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This visually arresting experiment/real estate development is the result of 2 developers (husband & wife, Frederick and Laurie Samitaur Smith) who bought up a lot of those old warehouses and architect Eric Owen Moss, director of Southern California Institute of Architecture, generally regarded as the most avant garde of US schools.

To quote the developers, “The ambition was to go into a very destitute neighborhood—which it was—to improve the economics (via job creation) and to introduce art and culture. We wanted to make no place, someplace.”

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To that end they handed the warehouses to Moss who created contemporary, reworked and repurposed buildings.

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The architecture is jarring, industrial and angular.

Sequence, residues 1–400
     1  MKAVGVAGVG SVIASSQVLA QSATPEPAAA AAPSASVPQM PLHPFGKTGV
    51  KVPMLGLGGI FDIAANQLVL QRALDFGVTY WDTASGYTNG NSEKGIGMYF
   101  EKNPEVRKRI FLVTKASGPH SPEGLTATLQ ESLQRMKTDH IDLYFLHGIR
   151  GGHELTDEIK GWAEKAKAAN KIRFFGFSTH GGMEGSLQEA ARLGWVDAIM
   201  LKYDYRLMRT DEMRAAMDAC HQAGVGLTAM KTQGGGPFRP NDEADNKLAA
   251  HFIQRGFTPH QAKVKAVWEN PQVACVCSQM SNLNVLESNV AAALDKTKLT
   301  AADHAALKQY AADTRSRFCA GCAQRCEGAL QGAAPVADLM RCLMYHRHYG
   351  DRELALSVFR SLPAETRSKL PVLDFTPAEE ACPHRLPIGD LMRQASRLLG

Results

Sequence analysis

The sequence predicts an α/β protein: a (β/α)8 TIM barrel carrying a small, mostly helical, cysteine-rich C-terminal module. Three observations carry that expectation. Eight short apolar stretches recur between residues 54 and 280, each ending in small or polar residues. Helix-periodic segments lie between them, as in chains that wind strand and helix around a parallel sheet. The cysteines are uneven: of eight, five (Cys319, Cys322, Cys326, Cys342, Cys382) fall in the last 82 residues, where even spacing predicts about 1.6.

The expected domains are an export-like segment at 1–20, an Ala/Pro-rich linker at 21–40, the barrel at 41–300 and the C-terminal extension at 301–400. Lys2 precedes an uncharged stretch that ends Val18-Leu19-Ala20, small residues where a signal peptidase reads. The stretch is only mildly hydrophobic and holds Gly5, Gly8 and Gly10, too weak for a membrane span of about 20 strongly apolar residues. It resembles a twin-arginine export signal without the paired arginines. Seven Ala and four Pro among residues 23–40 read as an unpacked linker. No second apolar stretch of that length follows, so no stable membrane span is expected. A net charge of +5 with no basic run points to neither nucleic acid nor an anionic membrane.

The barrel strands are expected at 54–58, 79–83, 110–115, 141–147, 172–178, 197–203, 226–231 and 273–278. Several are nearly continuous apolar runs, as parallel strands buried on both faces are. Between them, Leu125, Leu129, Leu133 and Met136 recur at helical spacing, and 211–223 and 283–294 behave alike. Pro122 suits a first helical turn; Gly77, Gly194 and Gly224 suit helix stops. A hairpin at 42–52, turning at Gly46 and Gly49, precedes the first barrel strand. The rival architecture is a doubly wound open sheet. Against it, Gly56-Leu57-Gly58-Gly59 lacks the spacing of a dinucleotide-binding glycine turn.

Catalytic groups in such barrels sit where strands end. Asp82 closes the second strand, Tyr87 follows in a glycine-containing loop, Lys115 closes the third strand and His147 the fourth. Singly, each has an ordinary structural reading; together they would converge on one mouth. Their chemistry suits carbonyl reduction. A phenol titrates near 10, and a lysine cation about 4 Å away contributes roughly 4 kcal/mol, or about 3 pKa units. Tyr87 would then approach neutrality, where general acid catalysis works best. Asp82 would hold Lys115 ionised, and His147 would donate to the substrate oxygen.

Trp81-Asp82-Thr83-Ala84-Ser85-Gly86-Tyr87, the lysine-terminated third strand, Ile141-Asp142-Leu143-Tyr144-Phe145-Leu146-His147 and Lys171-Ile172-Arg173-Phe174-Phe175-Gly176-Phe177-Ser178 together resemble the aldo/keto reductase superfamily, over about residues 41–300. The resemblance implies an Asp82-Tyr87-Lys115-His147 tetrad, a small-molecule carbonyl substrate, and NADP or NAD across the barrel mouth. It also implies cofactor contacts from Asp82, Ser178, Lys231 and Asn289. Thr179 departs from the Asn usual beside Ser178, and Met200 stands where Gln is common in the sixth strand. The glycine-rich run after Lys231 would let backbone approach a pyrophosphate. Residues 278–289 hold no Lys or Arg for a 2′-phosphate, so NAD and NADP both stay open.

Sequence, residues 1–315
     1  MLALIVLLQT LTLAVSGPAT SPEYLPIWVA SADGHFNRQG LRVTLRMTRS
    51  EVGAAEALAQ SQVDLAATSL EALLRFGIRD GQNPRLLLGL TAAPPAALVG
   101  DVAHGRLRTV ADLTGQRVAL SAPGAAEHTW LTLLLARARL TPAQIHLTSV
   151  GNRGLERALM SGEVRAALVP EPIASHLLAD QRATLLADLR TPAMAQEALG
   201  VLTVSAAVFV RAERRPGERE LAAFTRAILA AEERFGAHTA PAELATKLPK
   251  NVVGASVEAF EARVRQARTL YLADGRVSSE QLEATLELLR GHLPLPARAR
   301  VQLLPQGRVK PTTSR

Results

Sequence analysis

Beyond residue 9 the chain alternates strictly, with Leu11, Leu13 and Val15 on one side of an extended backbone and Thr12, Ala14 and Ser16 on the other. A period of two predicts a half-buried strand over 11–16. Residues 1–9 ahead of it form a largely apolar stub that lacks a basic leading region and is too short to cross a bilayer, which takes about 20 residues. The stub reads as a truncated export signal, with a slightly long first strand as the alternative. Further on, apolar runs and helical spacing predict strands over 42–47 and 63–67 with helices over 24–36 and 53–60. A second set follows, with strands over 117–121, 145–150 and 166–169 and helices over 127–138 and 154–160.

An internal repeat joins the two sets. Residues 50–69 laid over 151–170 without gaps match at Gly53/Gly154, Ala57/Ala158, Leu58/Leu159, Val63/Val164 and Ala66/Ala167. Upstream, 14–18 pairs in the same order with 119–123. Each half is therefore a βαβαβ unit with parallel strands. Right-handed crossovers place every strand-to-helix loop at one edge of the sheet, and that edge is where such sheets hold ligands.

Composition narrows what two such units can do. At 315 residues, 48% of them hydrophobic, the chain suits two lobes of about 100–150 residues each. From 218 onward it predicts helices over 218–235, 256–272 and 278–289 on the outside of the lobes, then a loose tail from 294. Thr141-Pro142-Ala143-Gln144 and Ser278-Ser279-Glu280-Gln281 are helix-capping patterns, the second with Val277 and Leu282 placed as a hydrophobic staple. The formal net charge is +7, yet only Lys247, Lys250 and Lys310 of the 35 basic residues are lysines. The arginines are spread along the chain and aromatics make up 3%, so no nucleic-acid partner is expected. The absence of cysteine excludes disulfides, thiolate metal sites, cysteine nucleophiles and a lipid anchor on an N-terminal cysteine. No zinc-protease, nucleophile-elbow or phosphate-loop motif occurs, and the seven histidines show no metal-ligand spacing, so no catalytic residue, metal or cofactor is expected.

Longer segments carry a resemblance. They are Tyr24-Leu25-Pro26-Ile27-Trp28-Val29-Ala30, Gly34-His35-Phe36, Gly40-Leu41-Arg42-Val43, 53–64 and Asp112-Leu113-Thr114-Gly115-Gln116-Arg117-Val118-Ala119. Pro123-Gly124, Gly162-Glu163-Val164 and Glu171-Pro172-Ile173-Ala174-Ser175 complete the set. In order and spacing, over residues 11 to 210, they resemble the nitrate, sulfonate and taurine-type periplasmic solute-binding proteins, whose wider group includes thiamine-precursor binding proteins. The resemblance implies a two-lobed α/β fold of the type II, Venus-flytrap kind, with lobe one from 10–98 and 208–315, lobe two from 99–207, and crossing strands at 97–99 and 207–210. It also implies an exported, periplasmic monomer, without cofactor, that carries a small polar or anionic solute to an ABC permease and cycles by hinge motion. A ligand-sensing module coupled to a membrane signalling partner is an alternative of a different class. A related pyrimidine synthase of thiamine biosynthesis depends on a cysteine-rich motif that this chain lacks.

And a walk down Hayden St is an adventure…..

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Concrete, glass, metal… twisty facades and towers, hanging cactus gardens, famous tenants (HQ for Beats by Dre just up the road) and art installations.

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Moss, whose office is on the street, is still creating unique and singular buildings for the Samitaur Smiths, like the amazing art piece, Samitaur Tower and the Waffle, a bendy, egg crate-structured conference center. The buildings name’s sum up the atypical looks: the Stealth, the Beehive, and The Box.

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The area is now morphing into a neighborhood with the Expo Line station close by, wiggly treelined bike paths in between the buildings, fellow starchitect Thom Mayne’s Morphosis office across the way and SF hipster bakers, Craftsman and Wolves about to open their LA outpost.

Another quirky pocket of LA to explore 🙂

Mission Inn

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How many times did I fly by on the 91, intent only on Palm Springs grooviness?

Impatient for warm breezes, misting margarita nights and mid century fabulousness?